Techniques have been taught in training classes and passed down through the years. Since we have all been taught these, we've never tried anything else, so we don't know whether it can or cannot be done. Sometimes you just need to ask "Why not?"
If someone tells me it can’t be done, I try to figure out how to do it. I have the tendency to look at things a little differently. In 1994, I was told a stun gun would not work as a dust print lifter; I came up with an idea, tried it, and it worked.
Some of the techniques we have been taught include developing a latent fingerprint on a piece of paper or paper towel. You photograph and cover it with lifting tape for preservation since it can’t be lifted. Another example is that of a textured item, such as a car dash, that is usually not processed because the latent print cannot be lifted. To lift these developed latent prints, use Diff-Lift tape.
If there is a latent print on a feather, it can’t be developed with fingerprint powder and lifted. With proper powder applications and standard lifting tape, the print can be developed and lifted.
Granted, you probably won’t have the occasion to develop and lift latent prints off paper towels or feathers. The bottom line is if you can lift prints off paper towels and feathers, what can’t you process for latent prints?
Let’s say a cold beer can was found at a crime scene with condensation on it. Normally, the condensation has to dry on the can before it can be processed. If you let it air dry, the can gets water spots on it, which, in turn, mess up the latent prints.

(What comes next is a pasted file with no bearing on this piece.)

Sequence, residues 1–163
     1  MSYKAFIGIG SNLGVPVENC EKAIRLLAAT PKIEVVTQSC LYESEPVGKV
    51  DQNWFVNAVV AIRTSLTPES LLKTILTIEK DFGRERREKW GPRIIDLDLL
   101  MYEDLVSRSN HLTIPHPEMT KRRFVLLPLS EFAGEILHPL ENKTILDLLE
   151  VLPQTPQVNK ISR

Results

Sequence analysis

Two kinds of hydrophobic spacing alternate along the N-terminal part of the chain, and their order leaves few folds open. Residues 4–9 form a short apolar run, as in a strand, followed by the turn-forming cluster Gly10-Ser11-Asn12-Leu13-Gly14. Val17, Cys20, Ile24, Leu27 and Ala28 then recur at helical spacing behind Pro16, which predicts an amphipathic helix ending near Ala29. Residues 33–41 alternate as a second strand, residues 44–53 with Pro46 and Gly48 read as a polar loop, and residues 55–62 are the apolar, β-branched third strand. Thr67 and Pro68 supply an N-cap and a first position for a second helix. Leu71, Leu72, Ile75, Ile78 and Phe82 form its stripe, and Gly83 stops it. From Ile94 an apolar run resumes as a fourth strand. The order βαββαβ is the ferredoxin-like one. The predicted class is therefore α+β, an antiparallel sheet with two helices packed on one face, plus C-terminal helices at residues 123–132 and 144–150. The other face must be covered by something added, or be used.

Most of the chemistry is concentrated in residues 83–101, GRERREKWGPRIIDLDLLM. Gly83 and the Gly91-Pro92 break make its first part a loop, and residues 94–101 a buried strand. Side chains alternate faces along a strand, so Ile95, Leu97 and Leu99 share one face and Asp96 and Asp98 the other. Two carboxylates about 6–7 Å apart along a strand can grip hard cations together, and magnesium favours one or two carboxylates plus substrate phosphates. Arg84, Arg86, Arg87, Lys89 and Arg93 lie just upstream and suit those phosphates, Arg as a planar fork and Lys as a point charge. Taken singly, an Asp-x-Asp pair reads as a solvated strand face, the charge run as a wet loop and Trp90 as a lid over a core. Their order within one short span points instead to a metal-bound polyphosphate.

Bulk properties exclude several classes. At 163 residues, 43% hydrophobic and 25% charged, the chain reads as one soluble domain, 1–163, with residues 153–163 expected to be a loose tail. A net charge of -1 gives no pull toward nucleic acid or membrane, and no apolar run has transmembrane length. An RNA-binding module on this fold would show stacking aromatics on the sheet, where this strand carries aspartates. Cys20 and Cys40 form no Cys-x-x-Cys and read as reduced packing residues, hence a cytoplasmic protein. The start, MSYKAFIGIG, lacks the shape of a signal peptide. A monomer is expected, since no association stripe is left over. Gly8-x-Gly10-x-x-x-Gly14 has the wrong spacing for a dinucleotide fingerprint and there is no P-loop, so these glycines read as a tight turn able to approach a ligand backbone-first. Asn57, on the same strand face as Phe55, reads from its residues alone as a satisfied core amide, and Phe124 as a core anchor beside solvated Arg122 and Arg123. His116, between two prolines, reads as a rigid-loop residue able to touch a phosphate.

If a person touches a surface that is wet, there is a possibility it could transfer the oils from their fingers to the wet surface. Oil and water do not mix. The oily print will transfer to the surface through the water.
Small particle reagent (SPR) can be used to develop latent prints on a wet surface—it is like liquid fingerprint powder. When sprayed on the surface of non-porous wet evidence, the micro-fine particles attach themselves to the latent print residues as the solution runs off the surface. The residue is sprayed with water to remove excess solution and the developed latent fingerprintcan be lifted with standard lifting tape.
We have been told to allow the area and the print to air dry and then lift off the surface. This would be great if time is of no importance and it is not the rainy season because lifting tape will not adhere on a wet surface. This, of course, is wrong. Adhesive is still on the tape but the water is making a barrier between tape and surface. By using a squeegee to remove the water, the tape will adhere to both the surface and the latent print, allowing the processed latent print to be lifted. Developing and lifting latent prints off wet surfaces while still wet gives one more option when processing crime scenes.
Dick Warrington led the Crime Scene Unit for the Shawnee County Sheriff’s Dept and was the lead crime scene officer for the Capital Area Major Case Squad for many years before his retirement in 1996. He is a member of the Kansas I.A.I. and a board member of the International Crime Scene Investigators Association. Dick is the developer of several products used in crime scene investigation. In his retirement, he is in research and development and a crime scene consultant and training instructor for the Lynn Peavey Company. For the past five years, Dick has been teaching classes throughout the U.S. and Canada, trying to dispel some of those “you can’t do that” myths. More myth-busting ideas are available at www.csigizmos.com.